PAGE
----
replication, see the "Developing Replication Applications Using ActiveX
Controls" topic in SQL Server 2000 Books online.
Managing replication by using SQL-DMO replication objects
SQL Distributed Management Objects (SQL-DMO) is a collection of
objects that encapsulate Microsoft SQL Server database and replication
management. You can create an application by using Microsoft Visual C++ or
Microsoft Visual Basic, and then use SQL-DMO objects to set up and to manage
For more information about SQL-DMO and developing
applications by using SQL-DMO, see the "Developing SQL-DMO Applications" topic
in SQL Server 2000 Books Online.
Using the OSQL
command-line utility to add replication jobs
OSQL is a command-line utility that the MSDE 2000 installation
includes. You can use this tool to connect to SQL Server and to run queries and
For additional information
about OSQL, click the following article number to view the article in the Microsoft Knowledge Base:
How to manage the SQL Server Desktop Engine (MSDE 2000) by using the Osql utility
Additionally, you can create pull subscriptions to
SQL Server Publications directly by using Transact-SQL statements. When you are
creating the subscription by using stored procedures, a job is created on the
Subscriber. Because MSDE 2000 does not include client tools, you must use
stored procedures to stop and to start the job. NOTE
: This example is based on the assumption that the subscription is
anonymous, and that it is for a merge publication.
- From the MSDE 2000 Subscriber, use OSQL to connect to the
- Add the anonymous subscription by using the sp_addmergepullsubscription stored procedure.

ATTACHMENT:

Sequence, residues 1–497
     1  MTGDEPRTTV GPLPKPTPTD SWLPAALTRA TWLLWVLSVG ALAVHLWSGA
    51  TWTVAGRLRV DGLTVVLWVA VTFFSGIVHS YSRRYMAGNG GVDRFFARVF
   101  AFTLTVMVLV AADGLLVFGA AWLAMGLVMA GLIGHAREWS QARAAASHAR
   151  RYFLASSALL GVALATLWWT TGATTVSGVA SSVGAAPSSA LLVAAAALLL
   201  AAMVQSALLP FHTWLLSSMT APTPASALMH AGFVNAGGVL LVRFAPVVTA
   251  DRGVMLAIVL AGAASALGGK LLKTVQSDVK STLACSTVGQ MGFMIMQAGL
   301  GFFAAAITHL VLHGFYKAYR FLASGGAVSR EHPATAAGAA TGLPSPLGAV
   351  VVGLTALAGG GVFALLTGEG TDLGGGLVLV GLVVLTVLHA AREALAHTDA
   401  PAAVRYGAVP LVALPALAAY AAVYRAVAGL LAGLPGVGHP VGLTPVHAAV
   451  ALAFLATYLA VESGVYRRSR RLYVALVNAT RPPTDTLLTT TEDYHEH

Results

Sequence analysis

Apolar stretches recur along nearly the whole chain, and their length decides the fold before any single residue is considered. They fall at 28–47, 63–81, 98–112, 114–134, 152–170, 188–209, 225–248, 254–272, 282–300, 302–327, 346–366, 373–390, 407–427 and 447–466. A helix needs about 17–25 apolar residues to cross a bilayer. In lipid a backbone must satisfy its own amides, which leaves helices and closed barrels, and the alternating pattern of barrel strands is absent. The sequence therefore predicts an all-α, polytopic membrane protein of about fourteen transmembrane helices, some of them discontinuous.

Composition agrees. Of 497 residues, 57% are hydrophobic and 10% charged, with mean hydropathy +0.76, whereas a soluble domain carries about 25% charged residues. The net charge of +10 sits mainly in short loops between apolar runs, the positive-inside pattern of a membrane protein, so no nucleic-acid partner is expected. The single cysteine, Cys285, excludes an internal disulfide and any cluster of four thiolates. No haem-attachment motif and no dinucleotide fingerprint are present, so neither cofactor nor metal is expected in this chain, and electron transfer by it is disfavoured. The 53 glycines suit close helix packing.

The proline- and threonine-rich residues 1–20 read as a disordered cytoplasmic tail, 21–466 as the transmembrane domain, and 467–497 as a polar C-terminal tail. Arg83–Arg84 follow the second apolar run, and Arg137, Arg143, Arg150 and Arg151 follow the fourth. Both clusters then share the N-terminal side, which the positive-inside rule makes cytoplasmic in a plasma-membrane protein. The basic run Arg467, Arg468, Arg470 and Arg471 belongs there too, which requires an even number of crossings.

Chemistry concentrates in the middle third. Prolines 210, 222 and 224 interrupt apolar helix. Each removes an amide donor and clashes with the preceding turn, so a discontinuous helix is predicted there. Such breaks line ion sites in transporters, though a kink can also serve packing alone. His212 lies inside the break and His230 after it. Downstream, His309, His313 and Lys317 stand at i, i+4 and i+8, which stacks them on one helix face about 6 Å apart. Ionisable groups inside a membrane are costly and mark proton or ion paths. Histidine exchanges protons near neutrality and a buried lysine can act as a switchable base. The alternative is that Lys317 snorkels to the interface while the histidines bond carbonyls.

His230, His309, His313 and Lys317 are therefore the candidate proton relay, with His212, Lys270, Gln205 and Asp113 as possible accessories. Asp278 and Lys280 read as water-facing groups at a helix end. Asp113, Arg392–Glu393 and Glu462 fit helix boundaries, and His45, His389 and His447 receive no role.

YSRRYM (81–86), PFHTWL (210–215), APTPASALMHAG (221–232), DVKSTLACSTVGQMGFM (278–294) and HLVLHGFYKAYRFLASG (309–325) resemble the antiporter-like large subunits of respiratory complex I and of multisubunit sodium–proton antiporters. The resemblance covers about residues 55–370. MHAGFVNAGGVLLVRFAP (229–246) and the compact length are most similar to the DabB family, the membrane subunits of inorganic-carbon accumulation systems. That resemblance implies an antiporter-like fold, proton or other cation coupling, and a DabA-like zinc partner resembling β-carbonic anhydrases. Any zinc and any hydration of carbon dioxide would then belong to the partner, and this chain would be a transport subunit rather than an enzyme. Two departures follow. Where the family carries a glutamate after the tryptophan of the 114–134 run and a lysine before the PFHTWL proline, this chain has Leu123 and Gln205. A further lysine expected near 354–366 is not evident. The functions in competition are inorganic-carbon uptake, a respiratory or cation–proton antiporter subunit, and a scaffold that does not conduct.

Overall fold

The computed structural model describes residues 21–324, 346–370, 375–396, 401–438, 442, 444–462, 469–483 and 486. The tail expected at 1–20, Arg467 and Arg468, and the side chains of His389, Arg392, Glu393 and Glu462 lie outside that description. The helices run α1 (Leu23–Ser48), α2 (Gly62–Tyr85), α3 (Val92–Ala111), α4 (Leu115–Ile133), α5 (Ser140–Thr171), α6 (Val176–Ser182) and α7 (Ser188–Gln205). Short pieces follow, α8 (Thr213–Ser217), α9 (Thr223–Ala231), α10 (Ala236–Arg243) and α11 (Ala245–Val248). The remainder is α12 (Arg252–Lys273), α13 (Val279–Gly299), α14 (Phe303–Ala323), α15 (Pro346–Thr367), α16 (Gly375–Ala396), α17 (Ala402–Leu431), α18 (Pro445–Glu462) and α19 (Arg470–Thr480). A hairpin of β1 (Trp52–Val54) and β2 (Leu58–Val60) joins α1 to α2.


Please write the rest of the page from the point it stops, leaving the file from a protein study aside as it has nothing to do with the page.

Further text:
- Add the merge agent job by using the sp_addmergepullsubscription_agent stored procedure.
- Start the job by using the sp_start_job stored procedure.
sp_addmergepullsubscription @publication = 'pubs',@publisher = 'fastnfurious' ,@publisher_db = 'pubs'
,@subscriber_type = 'anonymous'
sp_addmergepullsubscription_agent @name = 'MSDE Sub' ,@publisher = 'fastnfurious' ,@publisher_db = 'pubs'
,@publication = 'pubs' ,@publisher_security_mode = 0,@publisher_login = login,@publisher_password = 'strongpassword'
,@subscriber = 'gash2ksrv' ,@subscriber_db = 'sub' ,@subscriber_security_mode = 0 ,@subscriber_login = 'login'
,@subscriber_password = 'strongpassword' ,@distributor = 'fastnfurious'
,@distributor_security_mode = 0,@distributor_login = 'login'
sp_start_job @job_name ='MSDE Sub'
: This code does not include any parameters for controlling the
job schedule. Additionally, there is no procedure setup to determine the status
of the job. If you want to have the job status written to the event log, modify
the job by using the sp_update_job
stored procedure, and then set the @notify_level_eventlog
For more information about these stored
procedures, see the following topics in SQL Server 2000 Books Online:
The methods that are described earlier in this article describe
various ways to manage an MSDE 2000 subscription. Apart from these methods, if
the MSDE 2000 Subscriber is registered in SQL Enterprise Manager, you can
administer the MSDE 2000 Subscriber (Publisher) like any other instance of SQL
Managing Distributor and Publisher
MSDE 2000 can act as a Publisher and as a Distributor.
The steps to create a Distributor and a Publisher in MSDE 2000 are similar to
the steps in the regular editions of SQL Server:
- If the server is registered in SQL Enterprise Manager, you
can configure the Distributor and Publisher by using the Replication Wizard.
For more information, see the "Replication Wizards" topic in SQL Server 2000
- If client tools are not available, you can use the OSQL command-line utility and stored procedures, or SQL-DMO to
configure the Distributor and the Publisher.
To download an updated version of SQL Server 2000 Books
Online, visit the following Microsoft Web site:
For additional information about how to use replication ActiveX controls with Microsoft Visual
Basic .NET, click the following article numbers to view the articles in the Microsoft Knowledge Base:
How to program the SQL Snapshot and SQL Distribution control by using Visual Basic .NET
How to program the SQL Merge control by using Visual Basic .NET
For additional information about MSDE 2000, click the following article numbers to view the articles in the Microsoft Knowledge Base:
How to connect to Microsoft Desktop Engine
How to back up a Microsoft Data Engine database with Transact-SQL